Investment Column: Informa's recovery story remains intact
Pendragon; Morgan Sindall
Wednesday 23 February 2011
Our view: Buy
Share price: 436.2p (-12.8p)
The power went out in Informa's offices as the management was putting the finishing touches to the final results on Monday night, forcing the team to call on the disaster-recovery plan to complete the job.
Fortunately for the company, there were no disasters in the actual results to report to the market yesterday, and as chief executive Peter Rigby said: "It is not a disaster recovery, but it is a recovery story."
Revenues met consensus as they remained flat at £1.2bn, while profits rose by just over 1 per cent to £313.2m. Investors will recall that Informa's markets were hit hard by the downturn, but the company is in confident mood, something that was evident as it upped the dividend by more than a fifth.
In terms of publishing, Informa is at the stable end of the market as the revenues are more reliant on subscriptions, which have remained resilient, rather than on advertising. Sales in its Academic Information business rose 4.7 per cent, and the trend has continued with renewals for 2011, though it could suffer as education budgets tighten later in the year.
The pleasing factor was the recovery in the events business, one which management readily admits is much more volatile. The division is performing well and is set to expand in Brazil, Saudi Arabia and the Far East in the coming months.
Moreover, it should be noted that the company has prepared well for life after the downturn. It has a strong balance sheet and net debt was down a tenth to £779m at the end of the year. Momentum is good, as is cash generation, and Informa is well positioned in growth areas such as digital and emerging markets.
Collins Stewart has estimated that the price is 12.3 times estimated full-year earnings for 2011, which looks pretty undemanding given the strength of its portfolio. Buy.
Our view: Buy
Share price: 23.5p (flat)
Pendragon, the UK's largest car-dealership chain, wheeled out a sparkling set of results yesterday.
Boosted by a roaring trade in luxury cars, Pendragon more than doubled its pre-tax profits to £25.2m for the year to 31 December. A further tonic came from the group saying that it had carried forward its momentum from last year into this year.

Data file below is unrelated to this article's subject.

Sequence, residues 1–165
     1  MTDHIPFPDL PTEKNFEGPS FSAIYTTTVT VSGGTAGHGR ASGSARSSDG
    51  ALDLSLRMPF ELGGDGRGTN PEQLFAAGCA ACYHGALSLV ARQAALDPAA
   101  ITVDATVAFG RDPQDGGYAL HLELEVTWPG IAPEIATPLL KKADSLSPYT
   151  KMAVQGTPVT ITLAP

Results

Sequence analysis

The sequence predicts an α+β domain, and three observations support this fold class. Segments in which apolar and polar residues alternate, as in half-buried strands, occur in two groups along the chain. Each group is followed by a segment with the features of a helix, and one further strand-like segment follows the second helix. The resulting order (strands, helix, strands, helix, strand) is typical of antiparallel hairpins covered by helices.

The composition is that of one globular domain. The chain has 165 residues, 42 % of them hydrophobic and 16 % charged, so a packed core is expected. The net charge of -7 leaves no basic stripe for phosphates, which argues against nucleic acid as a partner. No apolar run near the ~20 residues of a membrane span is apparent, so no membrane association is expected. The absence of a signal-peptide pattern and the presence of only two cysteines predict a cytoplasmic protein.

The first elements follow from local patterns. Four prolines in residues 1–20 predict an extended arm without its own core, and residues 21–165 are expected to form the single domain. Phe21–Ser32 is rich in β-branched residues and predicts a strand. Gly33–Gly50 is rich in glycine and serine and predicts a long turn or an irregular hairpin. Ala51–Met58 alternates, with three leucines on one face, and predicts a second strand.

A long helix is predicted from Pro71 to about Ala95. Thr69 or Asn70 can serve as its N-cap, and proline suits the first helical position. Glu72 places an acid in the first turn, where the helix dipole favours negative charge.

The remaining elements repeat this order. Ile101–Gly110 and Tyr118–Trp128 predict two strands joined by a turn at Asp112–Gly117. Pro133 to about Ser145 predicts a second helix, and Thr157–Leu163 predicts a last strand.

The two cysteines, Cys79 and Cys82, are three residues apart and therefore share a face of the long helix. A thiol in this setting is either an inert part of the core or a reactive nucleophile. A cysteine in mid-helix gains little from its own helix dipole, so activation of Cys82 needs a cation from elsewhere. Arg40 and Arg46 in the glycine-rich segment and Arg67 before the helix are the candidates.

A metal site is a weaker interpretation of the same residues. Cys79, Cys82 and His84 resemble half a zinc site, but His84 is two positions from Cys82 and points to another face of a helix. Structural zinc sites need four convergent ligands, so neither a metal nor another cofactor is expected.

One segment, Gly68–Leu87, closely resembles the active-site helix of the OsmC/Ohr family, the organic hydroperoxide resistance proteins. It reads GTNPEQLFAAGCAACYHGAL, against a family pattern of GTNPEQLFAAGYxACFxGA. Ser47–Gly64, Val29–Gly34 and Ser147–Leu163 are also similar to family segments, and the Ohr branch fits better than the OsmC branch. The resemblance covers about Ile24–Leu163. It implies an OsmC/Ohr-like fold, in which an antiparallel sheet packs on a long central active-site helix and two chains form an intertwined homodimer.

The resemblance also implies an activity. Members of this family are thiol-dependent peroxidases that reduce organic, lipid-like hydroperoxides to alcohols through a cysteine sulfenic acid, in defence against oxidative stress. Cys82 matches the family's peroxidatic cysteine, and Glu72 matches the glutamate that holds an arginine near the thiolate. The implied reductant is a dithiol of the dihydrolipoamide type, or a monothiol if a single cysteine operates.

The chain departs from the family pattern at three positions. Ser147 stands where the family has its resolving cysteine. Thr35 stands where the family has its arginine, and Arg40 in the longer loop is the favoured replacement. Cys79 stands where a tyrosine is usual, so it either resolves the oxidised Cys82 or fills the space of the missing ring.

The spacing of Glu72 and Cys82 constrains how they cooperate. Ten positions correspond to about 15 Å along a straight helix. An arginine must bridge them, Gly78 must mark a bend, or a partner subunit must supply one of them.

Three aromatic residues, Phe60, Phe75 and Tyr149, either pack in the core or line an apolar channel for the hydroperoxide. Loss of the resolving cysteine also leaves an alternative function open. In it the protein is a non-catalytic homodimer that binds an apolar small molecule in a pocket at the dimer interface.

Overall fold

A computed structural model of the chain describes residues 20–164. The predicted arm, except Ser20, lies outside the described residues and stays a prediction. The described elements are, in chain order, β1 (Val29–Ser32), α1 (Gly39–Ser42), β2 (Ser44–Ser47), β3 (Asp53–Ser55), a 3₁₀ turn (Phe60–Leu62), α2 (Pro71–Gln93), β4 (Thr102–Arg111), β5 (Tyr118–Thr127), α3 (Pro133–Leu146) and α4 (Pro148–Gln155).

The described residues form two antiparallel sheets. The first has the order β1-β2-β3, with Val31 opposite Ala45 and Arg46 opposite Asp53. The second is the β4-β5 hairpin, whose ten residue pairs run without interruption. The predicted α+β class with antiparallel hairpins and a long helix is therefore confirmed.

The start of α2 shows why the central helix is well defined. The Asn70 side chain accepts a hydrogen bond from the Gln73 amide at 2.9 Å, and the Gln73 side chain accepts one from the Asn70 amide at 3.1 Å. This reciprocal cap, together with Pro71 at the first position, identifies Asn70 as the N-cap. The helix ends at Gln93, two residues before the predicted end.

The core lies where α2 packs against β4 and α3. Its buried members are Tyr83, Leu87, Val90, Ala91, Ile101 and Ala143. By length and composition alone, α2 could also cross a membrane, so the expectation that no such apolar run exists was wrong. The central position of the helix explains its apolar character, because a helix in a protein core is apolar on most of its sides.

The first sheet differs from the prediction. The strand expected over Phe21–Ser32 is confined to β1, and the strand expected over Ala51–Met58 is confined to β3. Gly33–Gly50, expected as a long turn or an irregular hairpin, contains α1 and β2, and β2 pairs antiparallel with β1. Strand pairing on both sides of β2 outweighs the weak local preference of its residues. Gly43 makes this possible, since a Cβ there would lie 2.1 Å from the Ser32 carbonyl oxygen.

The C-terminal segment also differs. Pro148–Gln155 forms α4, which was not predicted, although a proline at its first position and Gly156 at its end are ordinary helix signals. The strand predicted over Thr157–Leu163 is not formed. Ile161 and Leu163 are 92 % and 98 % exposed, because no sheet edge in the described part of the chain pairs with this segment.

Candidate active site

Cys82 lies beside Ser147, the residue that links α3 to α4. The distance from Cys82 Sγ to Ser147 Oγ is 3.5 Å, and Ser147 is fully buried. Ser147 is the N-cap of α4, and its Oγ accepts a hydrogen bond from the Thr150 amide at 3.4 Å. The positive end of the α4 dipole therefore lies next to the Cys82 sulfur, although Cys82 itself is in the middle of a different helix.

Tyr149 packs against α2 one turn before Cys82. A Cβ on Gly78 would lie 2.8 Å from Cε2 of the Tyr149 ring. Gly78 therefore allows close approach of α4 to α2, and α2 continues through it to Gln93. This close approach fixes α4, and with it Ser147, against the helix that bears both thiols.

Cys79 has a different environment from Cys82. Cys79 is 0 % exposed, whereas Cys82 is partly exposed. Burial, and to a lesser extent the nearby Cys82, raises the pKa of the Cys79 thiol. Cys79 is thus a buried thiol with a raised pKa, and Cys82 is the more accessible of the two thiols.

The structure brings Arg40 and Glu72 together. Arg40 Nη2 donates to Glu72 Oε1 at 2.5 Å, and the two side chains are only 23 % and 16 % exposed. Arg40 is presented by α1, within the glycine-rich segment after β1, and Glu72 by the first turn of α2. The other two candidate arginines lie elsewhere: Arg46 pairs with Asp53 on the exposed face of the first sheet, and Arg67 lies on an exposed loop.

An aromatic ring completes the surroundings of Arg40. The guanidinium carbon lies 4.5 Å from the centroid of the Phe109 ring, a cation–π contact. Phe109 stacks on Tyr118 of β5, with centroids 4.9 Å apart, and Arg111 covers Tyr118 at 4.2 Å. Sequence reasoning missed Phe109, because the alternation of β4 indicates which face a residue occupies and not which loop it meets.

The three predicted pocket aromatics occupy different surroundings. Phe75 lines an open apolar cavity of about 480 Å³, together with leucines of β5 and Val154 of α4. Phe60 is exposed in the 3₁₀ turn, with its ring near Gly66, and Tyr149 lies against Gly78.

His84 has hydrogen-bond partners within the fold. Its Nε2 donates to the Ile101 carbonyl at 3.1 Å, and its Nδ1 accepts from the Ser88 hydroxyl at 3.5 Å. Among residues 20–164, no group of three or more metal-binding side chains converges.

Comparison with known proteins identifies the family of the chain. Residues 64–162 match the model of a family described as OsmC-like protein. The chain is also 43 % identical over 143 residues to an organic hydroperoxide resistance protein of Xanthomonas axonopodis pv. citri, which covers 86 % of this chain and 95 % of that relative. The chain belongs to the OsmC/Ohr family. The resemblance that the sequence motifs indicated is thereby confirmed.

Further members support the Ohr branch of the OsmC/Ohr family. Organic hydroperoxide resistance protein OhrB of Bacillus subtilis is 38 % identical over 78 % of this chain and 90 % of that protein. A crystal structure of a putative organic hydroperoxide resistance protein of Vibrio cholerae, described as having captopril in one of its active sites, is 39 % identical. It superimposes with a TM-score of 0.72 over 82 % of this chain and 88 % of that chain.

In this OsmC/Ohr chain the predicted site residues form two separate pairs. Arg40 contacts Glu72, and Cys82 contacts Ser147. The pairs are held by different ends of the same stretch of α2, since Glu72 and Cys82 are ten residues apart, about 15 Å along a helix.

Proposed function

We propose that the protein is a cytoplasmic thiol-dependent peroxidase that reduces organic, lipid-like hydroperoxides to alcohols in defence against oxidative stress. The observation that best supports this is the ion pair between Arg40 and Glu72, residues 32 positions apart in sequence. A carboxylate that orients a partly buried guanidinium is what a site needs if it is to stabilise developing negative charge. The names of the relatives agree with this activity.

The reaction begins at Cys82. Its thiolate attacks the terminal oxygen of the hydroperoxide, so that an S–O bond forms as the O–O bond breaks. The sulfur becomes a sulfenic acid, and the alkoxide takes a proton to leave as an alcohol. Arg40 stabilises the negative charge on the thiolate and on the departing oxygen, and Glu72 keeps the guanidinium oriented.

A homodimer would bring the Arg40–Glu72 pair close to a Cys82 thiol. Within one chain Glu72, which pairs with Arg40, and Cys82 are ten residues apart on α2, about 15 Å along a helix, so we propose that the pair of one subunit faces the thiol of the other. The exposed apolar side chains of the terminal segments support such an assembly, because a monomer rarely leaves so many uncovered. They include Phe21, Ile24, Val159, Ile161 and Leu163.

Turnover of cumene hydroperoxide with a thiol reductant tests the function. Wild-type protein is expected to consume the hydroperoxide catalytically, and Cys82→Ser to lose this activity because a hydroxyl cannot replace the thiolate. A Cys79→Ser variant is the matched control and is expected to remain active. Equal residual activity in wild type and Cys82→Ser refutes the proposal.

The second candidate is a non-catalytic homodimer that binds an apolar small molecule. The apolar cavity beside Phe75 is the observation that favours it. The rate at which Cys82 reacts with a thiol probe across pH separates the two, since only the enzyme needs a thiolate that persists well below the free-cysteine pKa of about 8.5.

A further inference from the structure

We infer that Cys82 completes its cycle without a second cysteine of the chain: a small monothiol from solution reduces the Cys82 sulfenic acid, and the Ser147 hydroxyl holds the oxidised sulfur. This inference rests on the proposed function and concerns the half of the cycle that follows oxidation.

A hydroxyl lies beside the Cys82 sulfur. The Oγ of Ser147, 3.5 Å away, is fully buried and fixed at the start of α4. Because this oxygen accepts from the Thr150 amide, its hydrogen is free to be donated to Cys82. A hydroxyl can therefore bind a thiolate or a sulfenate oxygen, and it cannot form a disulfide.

The company, which has 236 franchise dealerships in the UK and nine in California, also outperformed the market in used cars with like-for-like sales volumes rising by 12.1 per cent over the year. However, the star performer in 2010 was its Stratstone business, which sells luxury Aston Martin, Ferrari and Porsche vehicles through 98 franchise points.
Stratstone grew operating profits by 57 per cent to £29.2m due to strong operational leverage as its costs remained flat year-on-year. While Pendragon still has net debt of £325.5m, and although it passed on a dividend, its prospects now look far rosier than when its future was in doubt during the credit crisis.
Moreover, despite its share recovering from a 12-month low of 16.5p, it trades on a forward earnings multiple of 6.6, which makes us think they will roar ahead. BUY.
Our view: Hold
Share price: 692.5p (-23.5p)
We have been holders of Morgan Sindall, reasoning that while the construction market looks far from cheery, hampering sector sentiment, the company looks strong and well placed to make gains when the tide eventually turns.
The company suggested as much when it posted full-year results that were above hopes last night, with executive chairman John Morgan saying that while the overall construction market was "looking 10 per cent smaller", the company expected its own "market share to increase over the next few years".
The problem is that, with a significant exposure to the public sector, we fear that the shares may struggle as the cuts begin to bite.
The fact that they are up some 20 per cent since the beginning of September does not help matters, in our view, as negative newsflow out of the Treasury might well trigger profit-taking. That said, the stock trades on multiples of less than 10 times forward earnings, supported by a 5.9 per cent dividend yield, according to Liberum. This is not a sell, but nor is it a buy just yet. Keep holding.
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